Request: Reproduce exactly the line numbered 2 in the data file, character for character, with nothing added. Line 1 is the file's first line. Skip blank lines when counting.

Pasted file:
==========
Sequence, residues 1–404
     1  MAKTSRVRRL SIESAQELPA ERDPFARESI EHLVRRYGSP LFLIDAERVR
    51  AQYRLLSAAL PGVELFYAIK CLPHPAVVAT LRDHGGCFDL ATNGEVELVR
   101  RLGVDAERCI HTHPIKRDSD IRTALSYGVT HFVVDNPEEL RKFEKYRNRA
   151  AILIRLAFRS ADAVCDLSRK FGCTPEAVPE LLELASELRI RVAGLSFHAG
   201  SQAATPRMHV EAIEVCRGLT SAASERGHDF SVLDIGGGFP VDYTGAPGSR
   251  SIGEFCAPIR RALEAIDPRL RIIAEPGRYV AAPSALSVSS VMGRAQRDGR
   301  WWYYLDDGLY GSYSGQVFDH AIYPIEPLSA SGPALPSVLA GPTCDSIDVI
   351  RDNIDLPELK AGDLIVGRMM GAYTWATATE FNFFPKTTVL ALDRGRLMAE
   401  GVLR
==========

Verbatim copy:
     1  MAKTSRVRRL SIESAQELPA ERDPFARESI EHLVRRYGSP LFLIDAERVR